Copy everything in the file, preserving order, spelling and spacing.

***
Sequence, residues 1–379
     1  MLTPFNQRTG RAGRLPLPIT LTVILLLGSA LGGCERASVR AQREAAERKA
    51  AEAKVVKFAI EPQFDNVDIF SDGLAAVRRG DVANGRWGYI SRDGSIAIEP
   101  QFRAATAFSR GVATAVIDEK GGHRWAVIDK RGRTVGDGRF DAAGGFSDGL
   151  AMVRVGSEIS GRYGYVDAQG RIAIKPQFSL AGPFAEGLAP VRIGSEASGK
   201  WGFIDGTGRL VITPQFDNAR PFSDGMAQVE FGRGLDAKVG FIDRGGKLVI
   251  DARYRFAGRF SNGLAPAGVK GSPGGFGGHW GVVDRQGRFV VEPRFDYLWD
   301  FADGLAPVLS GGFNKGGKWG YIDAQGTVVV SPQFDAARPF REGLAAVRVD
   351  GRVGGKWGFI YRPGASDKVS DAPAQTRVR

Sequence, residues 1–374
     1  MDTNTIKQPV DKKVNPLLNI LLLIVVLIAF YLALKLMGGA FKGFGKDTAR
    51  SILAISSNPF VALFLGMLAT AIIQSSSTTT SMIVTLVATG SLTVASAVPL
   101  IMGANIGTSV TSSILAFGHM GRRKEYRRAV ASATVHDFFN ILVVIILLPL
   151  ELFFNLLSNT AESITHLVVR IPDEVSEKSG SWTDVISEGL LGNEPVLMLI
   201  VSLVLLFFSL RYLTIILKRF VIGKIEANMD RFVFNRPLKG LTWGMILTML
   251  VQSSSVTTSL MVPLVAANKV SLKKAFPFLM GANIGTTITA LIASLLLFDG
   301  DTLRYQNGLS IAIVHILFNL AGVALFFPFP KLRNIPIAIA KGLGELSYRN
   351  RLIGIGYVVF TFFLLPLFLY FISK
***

Sequence, residues 1–379
     1  MLTPFNQRTG RAGRLPLPIT LTVILLLGSA LGGCERASVR AQREAAERKA
    51  AEAKVVKFAI EPQFDNVDIF SDGLAAVRRG DVANGRWGYI SRDGSIAIEP
   101  QFRAATAFSR GVATAVIDEK GGHRWAVIDK RGRTVGDGRF DAAGGFSDGL
   151  AMVRVGSEIS GRYGYVDAQG RIAIKPQFSL AGPFAEGLAP VRIGSEASGK
   201  WGFIDGTGRL VITPQFDNAR PFSDGMAQVE FGRGLDAKVG FIDRGGKLVI
   251  DARYRFAGRF SNGLAPAGVK GSPGGFGGHW GVVDRQGRFV VEPRFDYLWD
   301  FADGLAPVLS GGFNKGGKWG YIDAQGTVVV SPQFDAARPF REGLAAVRVD
   351  GRVGGKWGFI YRPGASDKVS DAPAQTRVR

Sequence, residues 1–374
     1  MDTNTIKQPV DKKVNPLLNI LLLIVVLIAF YLALKLMGGA FKGFGKDTAR
    51  SILAISSNPF VALFLGMLAT AIIQSSSTTT SMIVTLVATG SLTVASAVPL
   101  IMGANIGTSV TSSILAFGHM GRRKEYRRAV ASATVHDFFN ILVVIILLPL
   151  ELFFNLLSNT AESITHLVVR IPDEVSEKSG SWTDVISEGL LGNEPVLMLI
   201  VSLVLLFFSL RYLTIILKRF VIGKIEANMD RFVFNRPLKG LTWGMILTML
   251  VQSSSVTTSL MVPLVAANKV SLKKAFPFLM GANIGTTITA LIASLLLFDG
   301  DTLRYQNGLS IAIVHILFNL AGVALFFPFP KLRNIPIAIA KGLGELSYRN
   351  RLIGIGYVVF TFFLLPLFLY FISK